MELANCHOLY SUICIDE OF A FARMER'S WIFE. On Thursday, Oct. 17th, Llandrillo was thrown into considerable excitement when the S2.d news became known that -Mrs Gwen Evans, the wife of Mr John Evans, Waunrydd, a small but respectable farmer, had committed suicide by hanging herself with a rope in her bedroom. It appears that the unfortunate woman had been unwell a few weeks ago, and had at different time3 shown signs of insanity, but she had so far recovered that nothing unusual was seen in her conduct. However, last Thursday, her husband went to a neighbour's house to assist with the thrashing machine, leaving the deceased and a lad in his employ at home. When he returned, about four o'clock in the afternoon, he found the door locked and the key taken out. He effected an entrance by breaking through an old window, when he found the key of the door placed on the dresser in the kitchen. He immediately searched th rooms, all of which had their doors closed, and on entering the bedroom he saw the deceased hanging with a cord round her neck. He at once gave an alarm, and several men went back with him to the scene of the shocking spectacle; they cut the body down, but it was quite cold and stiff, which showed evidently that the sad act was committed soon after Mr Evans left | the house in the morning; and this opinion was corro- borated by the fact that the servant lad, who was working in a field close by, went at the usual hour for his dinner and found the door fastened then. The inquest was held on Friday evening, Oct. ISd1 before the deputy coroner, Mr W. Williams, Bala Afr Edward Jarrott, Plasyn-fardre, being foreman of the jury. The first witness called was Mr John Evans, husband of the deceased, who deposed I live at Waunrydd, in the parish of Llaudrillo. Gwen Evans was my wife. We had been married twenty-five years. Deceased complained some time ago of great pain in her head, but she had been all right for the last three weeks. Dr Walker, Corwen, visited her during her illness twice. She suffered from great flatulency at times her behaviour during her illness was as usual, only when conversing she seemed to get confused. Had greatly altered for the better during the last three weeks. Conversed freely about domestic affairs in the morning before I left home to assist with the thrash- ing machine. I left the house about eight o'clock, and did not return till about four o'clock. The servant lad was near the house so as to attend on her. When I re- turned I found the door locked and got in through the window. I was greatly frightened by seeing the door key placed on the dresser inside, and I began to make a search and found her hanging to a cord in the bedroom where we used to sleep. I did not touch her then, but went to my next neighbour to give an alarm. Three men proceeded with me back. It was they who cut her down. She was fifty-four years of age.—The next witness examined was Robert Roberts, a lad thirteen years of age, who deposed My mistress sent me to work in a field close to the house soon after my master left. I went for my dinner between one' and two o'clock, and found the door fastened. Went back to my work. My master came home about four o'clock. I told him I had had no dinner and had not seen my mistress since breakfast. It was impossible for my master to come home without me seeing him.- Edward Owens, Cynwyd, said I went with the other men to the house of John Evans and assisted in cutting the body down. When hanging the body did not touch the ground. A cord was round the neck, fastened to the ceiling at the top, and the body was quite cold and stiff. The jury, after a brief consultation, returned a verdict That the deceased committed suicide while labouring under temporary insanity."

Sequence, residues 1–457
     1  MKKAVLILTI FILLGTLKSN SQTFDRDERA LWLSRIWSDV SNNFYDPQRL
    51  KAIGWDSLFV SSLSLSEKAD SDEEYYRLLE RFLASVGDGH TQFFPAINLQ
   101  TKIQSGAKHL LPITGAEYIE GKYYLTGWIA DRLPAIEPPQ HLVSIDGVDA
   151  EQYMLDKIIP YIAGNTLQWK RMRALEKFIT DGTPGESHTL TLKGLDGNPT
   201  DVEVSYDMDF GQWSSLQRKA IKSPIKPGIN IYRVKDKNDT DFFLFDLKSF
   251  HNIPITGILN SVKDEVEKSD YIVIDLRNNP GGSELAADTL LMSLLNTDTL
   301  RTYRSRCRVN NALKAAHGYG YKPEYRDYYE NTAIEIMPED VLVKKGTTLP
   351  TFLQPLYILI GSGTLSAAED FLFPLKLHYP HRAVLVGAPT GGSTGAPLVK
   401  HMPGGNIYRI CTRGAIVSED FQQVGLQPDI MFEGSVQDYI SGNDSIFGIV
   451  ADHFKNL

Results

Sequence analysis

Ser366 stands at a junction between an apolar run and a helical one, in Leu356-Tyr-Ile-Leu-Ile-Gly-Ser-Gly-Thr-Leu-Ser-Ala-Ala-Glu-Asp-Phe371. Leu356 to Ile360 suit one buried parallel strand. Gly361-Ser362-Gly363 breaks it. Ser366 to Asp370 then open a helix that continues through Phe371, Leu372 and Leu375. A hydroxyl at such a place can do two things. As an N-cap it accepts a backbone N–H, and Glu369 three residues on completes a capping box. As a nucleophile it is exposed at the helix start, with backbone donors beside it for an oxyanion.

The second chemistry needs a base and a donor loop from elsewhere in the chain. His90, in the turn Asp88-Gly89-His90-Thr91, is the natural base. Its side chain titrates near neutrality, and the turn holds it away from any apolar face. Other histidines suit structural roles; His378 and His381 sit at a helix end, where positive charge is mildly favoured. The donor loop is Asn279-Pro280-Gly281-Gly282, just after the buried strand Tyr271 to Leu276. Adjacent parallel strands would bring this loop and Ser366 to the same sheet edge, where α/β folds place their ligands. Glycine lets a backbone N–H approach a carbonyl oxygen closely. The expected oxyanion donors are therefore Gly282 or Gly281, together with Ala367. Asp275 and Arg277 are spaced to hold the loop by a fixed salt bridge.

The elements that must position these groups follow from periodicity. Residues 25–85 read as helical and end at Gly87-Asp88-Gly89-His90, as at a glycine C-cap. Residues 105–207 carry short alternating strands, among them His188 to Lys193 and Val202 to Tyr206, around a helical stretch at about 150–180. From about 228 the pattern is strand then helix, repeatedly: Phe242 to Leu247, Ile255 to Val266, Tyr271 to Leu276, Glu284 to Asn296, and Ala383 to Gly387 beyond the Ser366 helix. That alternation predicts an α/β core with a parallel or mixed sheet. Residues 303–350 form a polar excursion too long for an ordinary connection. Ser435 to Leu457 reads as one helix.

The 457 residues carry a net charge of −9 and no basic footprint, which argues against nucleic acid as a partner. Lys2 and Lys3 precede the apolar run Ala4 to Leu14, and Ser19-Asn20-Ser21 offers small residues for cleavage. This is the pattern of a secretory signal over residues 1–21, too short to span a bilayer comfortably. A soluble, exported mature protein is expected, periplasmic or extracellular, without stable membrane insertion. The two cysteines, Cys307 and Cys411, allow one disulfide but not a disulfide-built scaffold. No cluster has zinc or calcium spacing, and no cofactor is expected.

A Dundee contemporary states that the lite Sir David Baxter has left £ 50,000 to the Free Church, £40,OOa to the University of Edinburgh, and from £ 10,000 to £ 12,000 to found a mechanics' institute;11 Dundee, besides minor bequests for the public benefit. The Prussian Chambers resumed their sittings on Tues- day, after the recess. In the Lower House the Minister of Finance brought forward next year's Budget, in which the revenue is estimated at nineteen millions in excess of this yeiir. Government proposes to devote about seven millions and three quarters to the reduction of the public debt. Fun, in antwer to a Cambrian correspondent, says— "Come! Stanley found out Livingstone, and you haven't found out Stanley as yet. He does not seem anxious to belong to Wales, and why should Wales be so greedv to gobble him up? In Jonah's time Whales would give up even a profit, that couldn't agree with them. This is to much. Here's Vesuvius wanting to break out again. The seismographs supply most unpleasant information, We do not want to be rude, but if the peace of the continent is again menaced by an inflammatory action, appeal will lie to 1\1. von Bismark.—Punch. A Yankee lad was observed intently wathing for a woodchuck to come out of his hole. TJ1 you suppose you can catch him ?" asked a pisser-hv Catch him contemptuously answered the boy; «rve got to him, stranger. We are out of meat." it. LorJ Carnarvon the other day, speaking to some pro. vincials, said, He was a great advocate for good English beer, and thought there was nothing better and more truly English altogether." His lordship is right only the sooner the publicans manage to get something of the kind to sell the better for the public. -J)fd-?,. A DESIDERATUM—Judy learns from a cOlJtemporary that a novel institution exists in the parish < f Mansfield Notts. It is called a Union of Hearty \V orshippers ? and the object is stated to be a more universal and hearty joining in of the congregation in the Common Prayer and Praise of the Church Services." The next thing Judy would like to hear of is a little more vnion in the Church itself. When ttiis eomes about we shall get on. A^Wisby Chap' has been favouring the claimant with a "threatening letter wh,eh the big man read with much unction to a metaipg of his supporters at Bradford. It ran as follows Ibis is to warn thee if tha tells ory moor foul and blagardly lyes abaht honest folk thert-l1 be them in that hall to-morn't need as will mak thee wish thee sen bacij at Wagga-Wr-gga. Soa moind what tha ses. PRICES OF DOMESTIC ARTICLES.—In almost every branch of trade an advance in prices has taken place, nor is there any present prospect of an improvement in favour of the consumer it is, therefore, with mnch satisfaction Mes«n» Horniman announce the fact that their pure teas are still being so d at the old prices, which will remain unaltered and are now so moderate as to meet the wants of all classes. The decided preference for Rorniman's Tea arises from its laving a strong dark-colcured liquor, rich and full flavour, grateful to^the palate, and invigorating: to the sj stem] ™